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Chronic Hip Pain: An Undiagnosed Problem

Posted on: 10/14/2008
There are many, many possible causes of hip pain. An accurate diagnosis is needed to direct treatment. But this can be elusive and take a long time to make. In this first part of a two-part series, hip pain is examined in detail. Dfferential diagnosis is the focus of part-one. Treatment approaches are discussed in part-two.

The main topic is a specific hip pathology called greater trochanteric pain syndrome (GTPS). GTPS refers to tenderness felt along the side of the hip. It is a noninflammatory condition that is easily confused for something else.

The physician's examination takes into account the possible etiology or cause of the problem. Was there some trauma? The mechanism of acute hip pain caused by injury is often a twisting motion. Overuse, repetitive motion, and diseases or degenerative conditions are other potential causes of hip pain.

Pain patterns associated with hip problems start with a deep aching and stiffness in the hip. True hip pain is experienced in the front of the body down into the groin area. Hip pain along the pelvic rim, down the side of the leg, or down the back of the leg is usually a sign that the cause of the pain is extraarticular (outside the hip joint). This could be coming from pinching of the soft tissues, nerve entrapment, or other extraarticular lesions. Loss of motion and/or function can help point to the specific soft tissue structures affected.

Pain patterns are made better or worse by movement, positioning, or rest. Unloading the joint by using a cane, walker, or other assistive device is another way to influence the symptoms. When making the diagnosis, the physician observes how the patient moves from one position to another.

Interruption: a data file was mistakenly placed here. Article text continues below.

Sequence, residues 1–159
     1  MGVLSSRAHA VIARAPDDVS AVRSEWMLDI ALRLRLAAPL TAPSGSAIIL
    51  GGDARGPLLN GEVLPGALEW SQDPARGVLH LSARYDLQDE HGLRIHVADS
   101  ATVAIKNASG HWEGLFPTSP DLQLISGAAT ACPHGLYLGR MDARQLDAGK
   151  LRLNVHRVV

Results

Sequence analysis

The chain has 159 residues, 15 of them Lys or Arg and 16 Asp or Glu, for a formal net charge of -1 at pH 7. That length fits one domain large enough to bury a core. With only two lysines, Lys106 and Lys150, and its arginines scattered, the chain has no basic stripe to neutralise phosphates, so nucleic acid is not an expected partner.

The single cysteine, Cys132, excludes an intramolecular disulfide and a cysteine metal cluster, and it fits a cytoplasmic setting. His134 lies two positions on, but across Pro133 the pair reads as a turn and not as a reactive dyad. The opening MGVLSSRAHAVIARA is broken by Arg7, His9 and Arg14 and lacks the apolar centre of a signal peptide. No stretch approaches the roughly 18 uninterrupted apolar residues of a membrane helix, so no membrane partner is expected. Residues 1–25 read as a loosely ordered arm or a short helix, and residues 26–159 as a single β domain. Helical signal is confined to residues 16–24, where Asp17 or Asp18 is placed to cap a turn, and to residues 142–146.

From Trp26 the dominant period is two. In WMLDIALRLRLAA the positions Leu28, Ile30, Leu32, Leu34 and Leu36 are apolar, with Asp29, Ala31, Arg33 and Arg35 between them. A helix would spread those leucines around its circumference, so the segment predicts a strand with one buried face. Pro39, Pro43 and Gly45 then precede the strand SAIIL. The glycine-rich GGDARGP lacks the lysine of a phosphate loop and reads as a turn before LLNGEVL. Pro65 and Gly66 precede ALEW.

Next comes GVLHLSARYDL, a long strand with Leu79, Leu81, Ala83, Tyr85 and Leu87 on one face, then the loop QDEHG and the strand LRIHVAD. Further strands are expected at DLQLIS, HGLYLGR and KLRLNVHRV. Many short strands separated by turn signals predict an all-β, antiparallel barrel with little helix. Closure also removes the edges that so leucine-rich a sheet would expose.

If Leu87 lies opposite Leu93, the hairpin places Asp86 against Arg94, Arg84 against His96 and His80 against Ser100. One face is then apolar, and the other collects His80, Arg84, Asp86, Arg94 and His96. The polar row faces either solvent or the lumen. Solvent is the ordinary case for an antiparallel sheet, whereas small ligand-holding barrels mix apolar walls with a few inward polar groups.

The source of the pain and the location of the pain can be difficult to tell. The patient can't always isolate it and point to it with one finger. It helps to think of the hip as having four separate compartments. These include; 1) central, 2) peripheral, 3) lateral, and 4) iliopsoas. Each section has its own pain pattern and likely causes of pain for that compartment.

For example, referred pain to the central compartment could be coming from the labrum (fibrocartilage rim around the hip), ligament tears, osteoarthritis, hip dysplasia, or infection. The peripheral compartment is affected by fragments of cartilage (or other debris) in the joint, impingement, and synovitis or infection.

Muscular structures around the joint are involved with lesions of the lateral compartment. This can range from iliotibial band syndrome to bursitis, to problems with the large muscles of the buttocks around the hip. And finally, infection within the pelvic cavity causing a psoas abscesss must be considered in the diagnosis of an iliopsoas compartment problem.

Despite all that we do know about hip pathology, there's still much left to be explored. Unnecessary X-rays and other imaging studies should be avoided. There are many clinical tests that can be used to sort out possible causes of hip pain. The authors review each test and what their results mean.

Palpation of the various bursa in and around the soft tissues of the hip is described. Tests for integrity of the labrum are provided. The labrum is a fibrous cartilage that helps hold the head of the femur (thigh bone) in the socket. It redistributes the weight and load placed through the joint during weight-bearing and movement. Tears of the labrum can cause hip pain and dysfunction.

Other tests include measuring joint range of motion. Specific motions designed to stress various individual soft tissue structures are described. There are tests for each compartment based on the soft tissue structures within each section. And there are other test maneuvers such as the one-leg mini-squat test, Patrick test, Thomas test, psoas test, and many more.

And finally, the authors encourage physicians to consider unusual causes of hip pain that may look like greater trochanteric pain syndrome. Evaluation of hip pain may require imaging studies such as X-rays or MRIs. Results are viewed cautiously as many changes in and around the hip may be observed but may not be the cause of the painful symptoms. The most obvious pathologies that must be treated include tumors, fractures, hematoma from bleeding after a fall, and infections.

Chris Dougherty, DO, and John J. Dougherty, DO. Evaluating Hip Pathology in Trochanteric Pain Syndrome. In The Journal of Musculoskeletal Medicine. September 2008. Vol. 25. No. 9. Pp. 428-436.

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